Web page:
Want your Children to Stay Connected with Long-distance Family Members? Try This.

One tough thing about bringing a child up away from the rest of your family is finding ways to keep them connected.

It’s a two-way thing. You want your child to know they have an extended family that loves them, even if they don’t see each other very often. It’s also nice for your family members to know that you are making this effort.

We went back to the UK last Christmas, when my daughter was 18 months old. After a looong flight followed by a train from London to Bristol, my mum was there to meet us at the train station. I put Abigail down and she ran towards my mum and gave her a big hug. It was just the best thing in the world to see.

Moments like this will only happen if your children recognise your family members. I would have hated for Abigail to have acted like her grandparents, aunts and uncles were strangers when she met them.

Of course we keep in touch via Skype and Facebook, but with the 8-hour difference between Indonesia and the UK, and all of us having busy lives, it can easily be a few weeks between calls.

Even if you’re not living in a different country to the rest of your family, it may be that your child has one parent they see a lot less than the other. Whatever your situation, here is one simple way to help your child stay connected with long-distance family members and friends, remembering the experiences they have had together.

Creating a family photo album for your children

Yep, a photo album. I said it was simple. But I’m not talking about selecting your very best family portraits and displaying them beautifully in a special album that can only be viewed under adult supervision.

No; this is a photo album full of pictures that document real experiences. Meals out, walks to the park, cuddles and playdates. It’s an album that will get sat on, touched with sticky fingers, and thrown around just like any other toy. But it’s an album that will be loved and played with and talked about, and your child will grow up recognising and knowing a bit about the people inside it.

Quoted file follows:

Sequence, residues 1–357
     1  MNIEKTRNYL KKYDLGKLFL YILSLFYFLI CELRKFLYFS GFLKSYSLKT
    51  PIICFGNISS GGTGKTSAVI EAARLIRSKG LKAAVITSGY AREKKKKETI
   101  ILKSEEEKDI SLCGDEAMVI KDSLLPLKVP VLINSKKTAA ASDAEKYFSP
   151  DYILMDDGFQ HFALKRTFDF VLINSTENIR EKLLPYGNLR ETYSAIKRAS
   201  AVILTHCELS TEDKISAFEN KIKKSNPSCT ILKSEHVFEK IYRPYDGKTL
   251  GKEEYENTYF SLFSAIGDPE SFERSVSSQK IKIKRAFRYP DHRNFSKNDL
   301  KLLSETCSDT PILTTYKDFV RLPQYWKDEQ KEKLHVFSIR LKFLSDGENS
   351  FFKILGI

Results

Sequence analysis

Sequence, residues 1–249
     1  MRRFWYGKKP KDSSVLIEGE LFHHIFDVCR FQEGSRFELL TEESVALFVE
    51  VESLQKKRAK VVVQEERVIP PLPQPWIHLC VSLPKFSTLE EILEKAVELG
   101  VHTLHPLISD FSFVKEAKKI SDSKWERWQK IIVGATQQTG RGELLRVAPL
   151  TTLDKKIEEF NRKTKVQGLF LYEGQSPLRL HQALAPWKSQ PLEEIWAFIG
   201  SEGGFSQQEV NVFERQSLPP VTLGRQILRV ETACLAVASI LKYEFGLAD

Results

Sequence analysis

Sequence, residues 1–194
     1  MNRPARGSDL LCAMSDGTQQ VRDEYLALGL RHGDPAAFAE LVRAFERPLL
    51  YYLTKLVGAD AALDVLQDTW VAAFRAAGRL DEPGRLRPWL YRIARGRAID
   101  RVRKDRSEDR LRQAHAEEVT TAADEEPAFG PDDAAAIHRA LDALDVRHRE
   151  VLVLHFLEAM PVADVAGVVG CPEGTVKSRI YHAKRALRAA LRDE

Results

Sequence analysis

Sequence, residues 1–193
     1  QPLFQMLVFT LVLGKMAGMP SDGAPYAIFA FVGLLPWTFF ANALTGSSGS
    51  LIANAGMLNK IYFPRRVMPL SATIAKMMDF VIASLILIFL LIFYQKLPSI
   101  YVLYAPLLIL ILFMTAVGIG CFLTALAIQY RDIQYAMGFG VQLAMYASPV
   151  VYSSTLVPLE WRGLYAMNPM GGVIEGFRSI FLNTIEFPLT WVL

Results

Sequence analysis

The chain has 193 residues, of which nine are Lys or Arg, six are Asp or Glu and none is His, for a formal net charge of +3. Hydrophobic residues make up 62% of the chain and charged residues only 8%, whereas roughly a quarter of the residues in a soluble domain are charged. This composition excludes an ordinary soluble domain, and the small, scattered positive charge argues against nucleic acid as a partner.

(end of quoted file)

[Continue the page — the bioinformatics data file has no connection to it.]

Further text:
Photos for a child's family photo album
You can print your photos at home or at a local photo shop.

Getting started with your child’s family photo album

When my daughter was just a few months old, I created her first family photo album. We are already on to her second one because the plastic pockets got so crumpled you couldn’t see the photos properly. But that’s ok – just choose an album that’s cheap and as durable as possible (plastic is preferable to cardboard because of chewing).

Having just returned from our first trip to the UK, I had plenty of photos of Abigail with various family members, so I used a lot of those. I also selected some photos of people we see more regularly – neighbours and friends from church – so some faces would be more familiar for her.

I got these printed out at a local photo shop and we were good to go.

There’s only so much interest you can expect a baby to take in a photo album, but as she got a bit older I would talk to her about who each person was and what they were doing in the photos. I left the album in her toy box so she could look at it any time she wanted.

Keeping it updated

Every few months I will print a few new photos and update the album – not replacing them all each time but keeping some that she is familiar with. I use some of our own photos and take some that friends and family have posted on Facebook. Abigail doesn’t need to be in each one – we can still talk about who the people are.

Photo album for child to stay connected with long-distance family members
Your album doesn’t have to contain just family snaps.
As Abigail started to talk, I added a few photos that weren’t of people at all. She seemed interested in animals so I chose photos of pets and farmyard animals. It could also contain photos of things like different vehicles or foods.

I find that mixing it up a bit keeps her interested and encourages her to talk while still fulfilling the original purpose of helping her remember family and friends we don’t see often.

I know a photo album is no substitute for real people, but it’s one way to help bridge the gap across the miles and help your children become familiar with loved ones they seldom see.

Do you have any other tips for helping children stay connected with long-distance family members? Share them below – I’d love to hear them!

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